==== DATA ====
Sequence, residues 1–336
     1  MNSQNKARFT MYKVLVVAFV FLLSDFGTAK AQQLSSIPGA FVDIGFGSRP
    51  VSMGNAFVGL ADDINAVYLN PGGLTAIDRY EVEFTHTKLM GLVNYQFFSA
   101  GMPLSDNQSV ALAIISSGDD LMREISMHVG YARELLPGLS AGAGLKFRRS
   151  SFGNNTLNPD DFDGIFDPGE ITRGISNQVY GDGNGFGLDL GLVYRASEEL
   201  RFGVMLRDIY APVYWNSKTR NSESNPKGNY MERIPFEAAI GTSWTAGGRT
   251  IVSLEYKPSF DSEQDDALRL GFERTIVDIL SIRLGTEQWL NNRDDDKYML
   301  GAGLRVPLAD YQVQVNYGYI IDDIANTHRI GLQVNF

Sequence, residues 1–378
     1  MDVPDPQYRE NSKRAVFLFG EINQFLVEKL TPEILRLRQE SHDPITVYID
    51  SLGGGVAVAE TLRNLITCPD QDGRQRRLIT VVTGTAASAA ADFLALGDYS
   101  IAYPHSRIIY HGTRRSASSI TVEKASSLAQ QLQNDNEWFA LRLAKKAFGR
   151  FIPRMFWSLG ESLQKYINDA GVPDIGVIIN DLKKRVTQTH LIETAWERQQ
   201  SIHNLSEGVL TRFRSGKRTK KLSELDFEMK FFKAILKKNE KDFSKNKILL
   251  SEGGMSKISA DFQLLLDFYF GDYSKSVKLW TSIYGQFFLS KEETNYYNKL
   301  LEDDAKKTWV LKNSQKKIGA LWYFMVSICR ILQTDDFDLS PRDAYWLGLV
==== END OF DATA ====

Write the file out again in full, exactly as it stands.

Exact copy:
Sequence, residues 1–336
     1  MNSQNKARFT MYKVLVVAFV FLLSDFGTAK AQQLSSIPGA FVDIGFGSRP
    51  VSMGNAFVGL ADDINAVYLN PGGLTAIDRY EVEFTHTKLM GLVNYQFFSA
   101  GMPLSDNQSV ALAIISSGDD LMREISMHVG YARELLPGLS AGAGLKFRRS
   151  SFGNNTLNPD DFDGIFDPGE ITRGISNQVY GDGNGFGLDL GLVYRASEEL
   201  RFGVMLRDIY APVYWNSKTR NSESNPKGNY MERIPFEAAI GTSWTAGGRT
   251  IVSLEYKPSF DSEQDDALRL GFERTIVDIL SIRLGTEQWL NNRDDDKYML
   301  GAGLRVPLAD YQVQVNYGYI IDDIANTHRI GLQVNF

Sequence, residues 1–378
     1  MDVPDPQYRE NSKRAVFLFG EINQFLVEKL TPEILRLRQE SHDPITVYID
    51  SLGGGVAVAE TLRNLITCPD QDGRQRRLIT VVTGTAASAA ADFLALGDYS
   101  IAYPHSRIIY HGTRRSASSI TVEKASSLAQ QLQNDNEWFA LRLAKKAFGR
   151  FIPRMFWSLG ESLQKYINDA GVPDIGVIIN DLKKRVTQTH LIETAWERQQ
   201  SIHNLSEGVL TRFRSGKRTK KLSELDFEMK FFKAILKKNE KDFSKNKILL
   251  SEGGMSKISA DFQLLLDFYF GDYSKSVKLW TSIYGQFFLS KEETNYYNKL
   301  LEDDAKKTWV LKNSQKKIGA LWYFMVSICR ILQTDDFDLS PRDAYWLGLV